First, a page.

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Staging the Plague

Students training in a variety of health professions worked in interdisciplinary teams to come up with comprehensive solutions to protect public health through a simulated outbreak scenario, held in Fagin Hall and dubbed PennDemic.

A child with a swollen armpit and high fever dies in Washington, D.C. The cause is found to be Yersinia pestis, the bacteria that causes plague. Two days later, a 35-year-old man goes to a Philadelphia-area hospital with similar symptoms and is later confirmed to also have the plague. If you’re a public-health professional, what questions do you have? What do you need to know in order to protect your community?

This fictional scenario, presented to 81 Penn students this past Saturday, constituted the launch of an infectious disease outbreak simulation exercise. Throughout the day, as event coordinators provided participants new information about the “outbreak,” students worked in interdisciplinary teams to address the emerging health crisis. Engaging in dynamic discussions, they worked to plot out what information they had, what new information they needed to gather, and eventually what actions needed to be completed to contain the spread of disease.

“The point of this is to teach students how to work in interdisciplinary teams,” says Shelley Rankin, professor of microbiology in Penn’s School of Veterinary Medicine and one of the lead organizers of PennDemic. “Getting the ‘right answer’ is not why we’re doing this. We’re letting them get to know how disciplines outside their own view things, how to capably work together, and also how to manage some of the chaos that can ensue during public-health emergencies.”

Participants in the event, held in the School of Nursing’s Fagin Hall, were primarily graduate students from Penn Vet, Penn Nursing, the Perelman School of Medicine (including the Master of Public Health Program), the Graduate School of Education, the School of Social Policy & Practice, and the University of the Sciences’ pharmacy program. A few nursing undergraduates also participated. Hailing from many different academic backgrounds, the students brought their own personal and academic experiences to bear during the simulation.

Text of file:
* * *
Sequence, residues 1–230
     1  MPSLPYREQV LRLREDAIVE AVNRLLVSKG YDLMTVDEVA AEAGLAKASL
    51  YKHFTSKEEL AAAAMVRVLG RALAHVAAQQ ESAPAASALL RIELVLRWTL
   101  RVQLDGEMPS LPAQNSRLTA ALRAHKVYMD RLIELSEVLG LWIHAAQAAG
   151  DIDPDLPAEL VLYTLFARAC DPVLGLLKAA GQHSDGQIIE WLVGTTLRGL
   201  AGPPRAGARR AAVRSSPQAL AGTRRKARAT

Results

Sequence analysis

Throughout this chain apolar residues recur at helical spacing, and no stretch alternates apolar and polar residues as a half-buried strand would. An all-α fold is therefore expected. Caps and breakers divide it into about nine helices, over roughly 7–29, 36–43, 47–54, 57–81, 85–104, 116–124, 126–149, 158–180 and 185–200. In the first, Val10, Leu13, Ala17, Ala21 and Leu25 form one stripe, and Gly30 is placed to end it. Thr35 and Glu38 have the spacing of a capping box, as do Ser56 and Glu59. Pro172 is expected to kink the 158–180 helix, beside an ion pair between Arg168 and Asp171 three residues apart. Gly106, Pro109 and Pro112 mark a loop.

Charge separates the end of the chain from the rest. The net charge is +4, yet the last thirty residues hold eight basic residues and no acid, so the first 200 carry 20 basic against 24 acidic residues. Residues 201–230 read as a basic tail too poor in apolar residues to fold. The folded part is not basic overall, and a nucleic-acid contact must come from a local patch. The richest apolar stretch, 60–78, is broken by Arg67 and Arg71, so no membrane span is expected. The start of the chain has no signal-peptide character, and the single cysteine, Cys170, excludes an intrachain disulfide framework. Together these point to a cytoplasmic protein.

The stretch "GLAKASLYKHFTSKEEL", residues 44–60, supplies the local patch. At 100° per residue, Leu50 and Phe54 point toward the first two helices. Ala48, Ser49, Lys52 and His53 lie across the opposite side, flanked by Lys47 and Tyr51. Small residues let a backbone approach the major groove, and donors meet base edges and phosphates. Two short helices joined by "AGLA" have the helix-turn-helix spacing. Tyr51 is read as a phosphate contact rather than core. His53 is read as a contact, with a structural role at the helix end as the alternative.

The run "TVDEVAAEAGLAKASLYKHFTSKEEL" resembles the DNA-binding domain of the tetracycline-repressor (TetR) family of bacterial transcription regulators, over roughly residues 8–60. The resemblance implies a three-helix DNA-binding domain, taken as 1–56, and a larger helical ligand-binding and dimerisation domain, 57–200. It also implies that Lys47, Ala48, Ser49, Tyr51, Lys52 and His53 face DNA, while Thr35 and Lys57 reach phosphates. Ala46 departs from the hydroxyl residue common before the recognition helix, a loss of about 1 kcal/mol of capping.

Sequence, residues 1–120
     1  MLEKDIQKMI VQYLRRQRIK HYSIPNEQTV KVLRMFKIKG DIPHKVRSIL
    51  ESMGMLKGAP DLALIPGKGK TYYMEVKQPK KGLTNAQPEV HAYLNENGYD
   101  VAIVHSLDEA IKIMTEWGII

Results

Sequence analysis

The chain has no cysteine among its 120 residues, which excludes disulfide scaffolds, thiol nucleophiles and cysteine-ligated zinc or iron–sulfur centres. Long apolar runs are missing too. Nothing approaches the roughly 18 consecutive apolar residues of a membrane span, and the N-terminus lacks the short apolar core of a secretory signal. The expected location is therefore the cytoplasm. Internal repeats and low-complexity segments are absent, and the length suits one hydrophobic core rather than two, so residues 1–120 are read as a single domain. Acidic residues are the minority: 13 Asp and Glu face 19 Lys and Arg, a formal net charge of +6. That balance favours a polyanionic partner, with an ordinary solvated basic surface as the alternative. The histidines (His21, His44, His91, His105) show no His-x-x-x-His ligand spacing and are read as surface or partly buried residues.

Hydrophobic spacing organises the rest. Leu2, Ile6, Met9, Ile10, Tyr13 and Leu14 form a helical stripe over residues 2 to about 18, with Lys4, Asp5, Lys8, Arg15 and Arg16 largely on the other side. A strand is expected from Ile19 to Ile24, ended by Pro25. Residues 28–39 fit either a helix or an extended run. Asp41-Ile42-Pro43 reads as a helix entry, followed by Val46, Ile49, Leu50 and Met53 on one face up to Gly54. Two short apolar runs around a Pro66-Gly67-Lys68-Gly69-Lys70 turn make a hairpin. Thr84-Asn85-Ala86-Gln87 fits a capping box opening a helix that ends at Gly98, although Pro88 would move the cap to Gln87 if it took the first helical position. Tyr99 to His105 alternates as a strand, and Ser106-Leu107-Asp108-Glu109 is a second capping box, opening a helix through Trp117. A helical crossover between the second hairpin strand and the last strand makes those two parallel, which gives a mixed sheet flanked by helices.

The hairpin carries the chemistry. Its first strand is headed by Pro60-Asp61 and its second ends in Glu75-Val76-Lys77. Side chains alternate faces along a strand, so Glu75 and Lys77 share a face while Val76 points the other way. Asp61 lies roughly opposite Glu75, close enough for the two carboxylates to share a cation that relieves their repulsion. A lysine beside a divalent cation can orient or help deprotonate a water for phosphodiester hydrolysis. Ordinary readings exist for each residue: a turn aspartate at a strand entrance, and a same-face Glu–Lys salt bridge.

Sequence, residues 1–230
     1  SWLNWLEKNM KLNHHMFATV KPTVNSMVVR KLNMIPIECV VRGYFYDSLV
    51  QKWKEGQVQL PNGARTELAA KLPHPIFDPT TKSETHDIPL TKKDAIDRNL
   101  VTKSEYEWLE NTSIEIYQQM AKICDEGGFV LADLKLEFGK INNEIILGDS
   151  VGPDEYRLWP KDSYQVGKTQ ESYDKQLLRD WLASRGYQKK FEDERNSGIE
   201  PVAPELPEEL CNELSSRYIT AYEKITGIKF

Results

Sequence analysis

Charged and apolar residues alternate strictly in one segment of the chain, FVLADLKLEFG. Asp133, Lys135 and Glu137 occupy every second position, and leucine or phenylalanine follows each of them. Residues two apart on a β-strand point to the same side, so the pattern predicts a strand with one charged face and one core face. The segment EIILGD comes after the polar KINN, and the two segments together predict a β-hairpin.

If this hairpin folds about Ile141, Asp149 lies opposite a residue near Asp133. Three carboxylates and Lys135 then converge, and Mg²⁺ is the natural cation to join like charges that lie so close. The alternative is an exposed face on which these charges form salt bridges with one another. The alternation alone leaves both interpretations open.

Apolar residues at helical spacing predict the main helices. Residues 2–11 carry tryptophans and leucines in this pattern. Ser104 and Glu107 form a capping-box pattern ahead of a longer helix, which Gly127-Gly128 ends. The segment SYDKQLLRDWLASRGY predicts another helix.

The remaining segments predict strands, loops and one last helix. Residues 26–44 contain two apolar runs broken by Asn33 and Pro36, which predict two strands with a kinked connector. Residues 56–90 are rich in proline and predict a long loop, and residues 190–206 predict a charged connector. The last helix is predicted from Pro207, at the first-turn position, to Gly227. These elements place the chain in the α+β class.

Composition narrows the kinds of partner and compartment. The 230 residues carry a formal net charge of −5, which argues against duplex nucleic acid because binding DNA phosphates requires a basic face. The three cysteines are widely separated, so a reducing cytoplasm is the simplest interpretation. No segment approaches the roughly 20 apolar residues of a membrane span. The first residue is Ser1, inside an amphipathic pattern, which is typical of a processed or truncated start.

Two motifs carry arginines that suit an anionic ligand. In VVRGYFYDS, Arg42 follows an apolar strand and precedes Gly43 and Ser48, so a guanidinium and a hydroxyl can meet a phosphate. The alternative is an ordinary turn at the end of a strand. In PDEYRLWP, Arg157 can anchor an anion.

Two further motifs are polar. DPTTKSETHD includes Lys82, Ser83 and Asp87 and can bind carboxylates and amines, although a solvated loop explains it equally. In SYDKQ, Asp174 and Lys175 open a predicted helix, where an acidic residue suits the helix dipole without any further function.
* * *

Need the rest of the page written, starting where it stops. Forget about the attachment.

Chloe Glynn, for example, a teacher at Philadelphia’s Science Leadership Academy at Beeber and a student in Penn GSE’s Urban Teacher Leadership Program, has a personal interest in viral-disease transmission. She also decided to participate in order to soak up ideas she might apply to her own classroom.

“As a science teacher, I’m really interested in hands-on, immersive activities,” she says. “It would be great to be able to replicate something like this with my students.”

Other students showed up on the rainy Saturday to bolster training in their chosen fields. Elle Saine, a fourth-year M.D.-Ph.D. student in epidemiology, had previous experience in disaster response, but the focus on collaboration across multiple disciplines made the simulation unique.

“I like the fact that we’re all coming from different backgrounds in terms of what we’re thinking when it comes to a mass outbreak and panic,” she says. “It’s been interesting to learn what the others’ concerns are and what their knowledge base is.”

The idea for the table-top simulation event was borne of a Perry World House symposium held last year on the topic of pandemic risk, which engaged faculty experts from Penn and beyond. Bonnie Jenkins, a visiting fellow with Perry World House, collaborated with Penn Vet’s Shelley Rankin, Stephen Cole, and Jennifer Punt; Penn Nursing’s Deborah Becker; and Penn Medicine’s Hillary Nelson to organize the simulation. In addition, students in an interprofessional course in One Health Study Design, taught last spring by Rankin, Cole, and Punt, applied for a University Research Foundation Impact Seminar grant to support the event.

The day began with a welcome and introductions from Jenkins, followed by a presentation from Becker, offering the students a primer in elements that make teams effective.